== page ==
From his earliest works in the late 1970s collating found images from photo booths around London, to his more recent forays into video, collage and animation, Dick Jewell’s wide-ranging practice has always had one important value at its heart: an endless fascination with people. It may sound simple, but through Jewell’s lens, it becomes anything but. Whether his closest friends or complete strangers – anonymous figures whose photo booth pictures he picked up, or ’90s icons like Neneh Cherry and Massive Attack – Jewell doesn’t make distinctions. His eye is, and has always been, democratic.
Still, with the circumstances of the past six months, his ability to document the lives of those surrounding him has been somewhat restricted. (That’s not to say he hasn’t remained fascinated by the ever-evolving role of photography in contemporary society, from his cherished photo booths to the visual chaos of the Internet.) Undeterred by the limitations of lockdown, Jewell has dug deep into his archive to offer an insight into the eclectic tapestry of memories and moments across the decades – many of which he was fully immersed in, but all of which he vividly defined through his photographs.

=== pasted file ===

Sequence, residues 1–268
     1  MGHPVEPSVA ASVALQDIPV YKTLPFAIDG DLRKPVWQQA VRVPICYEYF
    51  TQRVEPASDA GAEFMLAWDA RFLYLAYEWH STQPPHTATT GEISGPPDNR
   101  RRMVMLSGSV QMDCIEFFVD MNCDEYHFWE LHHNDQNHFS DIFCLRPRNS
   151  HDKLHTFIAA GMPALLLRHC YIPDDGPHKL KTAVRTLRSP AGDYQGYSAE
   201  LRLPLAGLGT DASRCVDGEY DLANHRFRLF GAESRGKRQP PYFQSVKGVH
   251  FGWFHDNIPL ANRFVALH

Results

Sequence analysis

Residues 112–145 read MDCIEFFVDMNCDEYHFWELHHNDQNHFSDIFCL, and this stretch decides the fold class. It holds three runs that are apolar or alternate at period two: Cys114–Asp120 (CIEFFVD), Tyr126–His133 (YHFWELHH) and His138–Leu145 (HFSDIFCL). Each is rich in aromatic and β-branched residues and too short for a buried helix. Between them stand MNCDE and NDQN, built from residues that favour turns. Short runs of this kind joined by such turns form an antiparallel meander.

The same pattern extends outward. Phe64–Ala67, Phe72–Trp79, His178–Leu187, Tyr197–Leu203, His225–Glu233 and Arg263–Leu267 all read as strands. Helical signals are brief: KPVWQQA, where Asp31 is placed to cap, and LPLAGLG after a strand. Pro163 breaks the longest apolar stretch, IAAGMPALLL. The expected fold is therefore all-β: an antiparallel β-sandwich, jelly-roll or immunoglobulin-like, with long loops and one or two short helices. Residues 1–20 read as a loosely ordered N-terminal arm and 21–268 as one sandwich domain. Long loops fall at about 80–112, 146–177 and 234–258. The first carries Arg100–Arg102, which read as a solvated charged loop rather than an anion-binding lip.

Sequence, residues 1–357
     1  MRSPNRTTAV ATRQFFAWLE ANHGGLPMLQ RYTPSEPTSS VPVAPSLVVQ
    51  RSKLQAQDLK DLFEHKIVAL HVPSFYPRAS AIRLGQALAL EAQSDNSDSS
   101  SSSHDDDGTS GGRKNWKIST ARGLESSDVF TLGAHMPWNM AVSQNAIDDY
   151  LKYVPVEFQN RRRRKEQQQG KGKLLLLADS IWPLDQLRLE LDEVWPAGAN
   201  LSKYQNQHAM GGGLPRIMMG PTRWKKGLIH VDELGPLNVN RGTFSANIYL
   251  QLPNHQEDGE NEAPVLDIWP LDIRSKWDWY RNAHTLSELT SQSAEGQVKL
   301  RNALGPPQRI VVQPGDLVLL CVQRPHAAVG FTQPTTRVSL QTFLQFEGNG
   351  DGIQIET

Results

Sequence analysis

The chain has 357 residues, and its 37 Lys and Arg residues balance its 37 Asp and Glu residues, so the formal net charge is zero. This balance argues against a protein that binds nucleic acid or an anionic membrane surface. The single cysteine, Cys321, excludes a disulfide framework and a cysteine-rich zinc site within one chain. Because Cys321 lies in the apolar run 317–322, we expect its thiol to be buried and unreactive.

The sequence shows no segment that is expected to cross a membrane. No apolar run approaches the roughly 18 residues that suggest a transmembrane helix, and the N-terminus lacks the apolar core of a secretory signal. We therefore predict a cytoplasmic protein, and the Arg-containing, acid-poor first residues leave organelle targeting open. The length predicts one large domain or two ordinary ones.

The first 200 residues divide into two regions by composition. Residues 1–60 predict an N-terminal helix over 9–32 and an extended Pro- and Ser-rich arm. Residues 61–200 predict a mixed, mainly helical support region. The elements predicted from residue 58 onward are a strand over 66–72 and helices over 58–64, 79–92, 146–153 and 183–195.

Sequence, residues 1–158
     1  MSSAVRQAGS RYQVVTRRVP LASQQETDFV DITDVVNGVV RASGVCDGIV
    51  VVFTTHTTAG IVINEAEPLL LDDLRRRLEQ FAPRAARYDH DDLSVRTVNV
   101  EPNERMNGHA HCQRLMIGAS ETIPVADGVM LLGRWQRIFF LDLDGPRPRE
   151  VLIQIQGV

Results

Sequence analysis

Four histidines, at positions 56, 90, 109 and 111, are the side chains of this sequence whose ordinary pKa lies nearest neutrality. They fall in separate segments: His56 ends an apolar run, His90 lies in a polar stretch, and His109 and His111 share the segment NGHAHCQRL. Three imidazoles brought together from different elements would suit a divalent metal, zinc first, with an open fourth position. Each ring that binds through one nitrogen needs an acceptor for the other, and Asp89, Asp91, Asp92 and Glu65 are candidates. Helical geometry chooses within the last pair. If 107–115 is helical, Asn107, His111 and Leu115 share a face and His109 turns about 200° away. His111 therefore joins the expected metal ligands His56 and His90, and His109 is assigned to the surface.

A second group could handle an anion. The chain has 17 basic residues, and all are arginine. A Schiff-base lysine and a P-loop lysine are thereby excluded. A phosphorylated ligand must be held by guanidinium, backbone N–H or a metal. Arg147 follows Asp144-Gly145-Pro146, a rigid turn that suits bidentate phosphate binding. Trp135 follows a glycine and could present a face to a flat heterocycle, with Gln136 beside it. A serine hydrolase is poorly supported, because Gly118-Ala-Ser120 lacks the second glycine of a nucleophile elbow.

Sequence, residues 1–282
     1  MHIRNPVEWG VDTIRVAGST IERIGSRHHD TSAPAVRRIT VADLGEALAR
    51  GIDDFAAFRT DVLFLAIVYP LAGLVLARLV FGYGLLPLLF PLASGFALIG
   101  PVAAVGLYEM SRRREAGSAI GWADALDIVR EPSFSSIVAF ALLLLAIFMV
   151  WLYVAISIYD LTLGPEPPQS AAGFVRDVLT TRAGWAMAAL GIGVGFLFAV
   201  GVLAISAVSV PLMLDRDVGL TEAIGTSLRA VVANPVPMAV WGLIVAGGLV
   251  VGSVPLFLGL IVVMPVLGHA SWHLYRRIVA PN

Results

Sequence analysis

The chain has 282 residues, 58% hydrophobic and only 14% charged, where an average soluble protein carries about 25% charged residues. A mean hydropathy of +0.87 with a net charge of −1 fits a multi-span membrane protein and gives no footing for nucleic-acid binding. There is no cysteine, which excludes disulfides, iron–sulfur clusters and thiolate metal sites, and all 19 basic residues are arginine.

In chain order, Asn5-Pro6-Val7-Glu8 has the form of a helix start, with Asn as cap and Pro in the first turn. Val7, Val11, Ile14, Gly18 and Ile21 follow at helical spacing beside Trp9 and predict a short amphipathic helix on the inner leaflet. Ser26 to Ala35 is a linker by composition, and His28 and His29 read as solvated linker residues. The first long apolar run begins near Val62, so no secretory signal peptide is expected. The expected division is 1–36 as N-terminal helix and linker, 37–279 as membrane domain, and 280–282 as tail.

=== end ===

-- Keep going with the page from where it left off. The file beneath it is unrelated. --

There’s a real mix here, from some of your early Found Photos pieces all the way up to work from last year. When you look at these photographs together, what do you think is the through line between them or that unites them?
Well, I was asked if I fancied doing an archive story on my collages of people so I took the lead here from the words archive and people, which narrowed it down to about 95% of my work. [laughs] I think the print process and reprocessing is the ‘throughline’ here, along with now reprinting in a magazine. I started with a printed version of a montage of Found Photos fragments, rather than from the photos themselves, followed by two Found Photos pieces from the 1980s, part of a series of ten that I printed in 2015. In enlarging these photobooth portraits (we are all aware of the shift in scale) I wanted to emphasise the aspect of the photograph as an object, by retaining the shadows from the digital scan and applying varnish – but only to the original photographic element of the image – to create a trompe l’oeil effect. So having started with these photobooth images, I carried on with this reprocessing theme.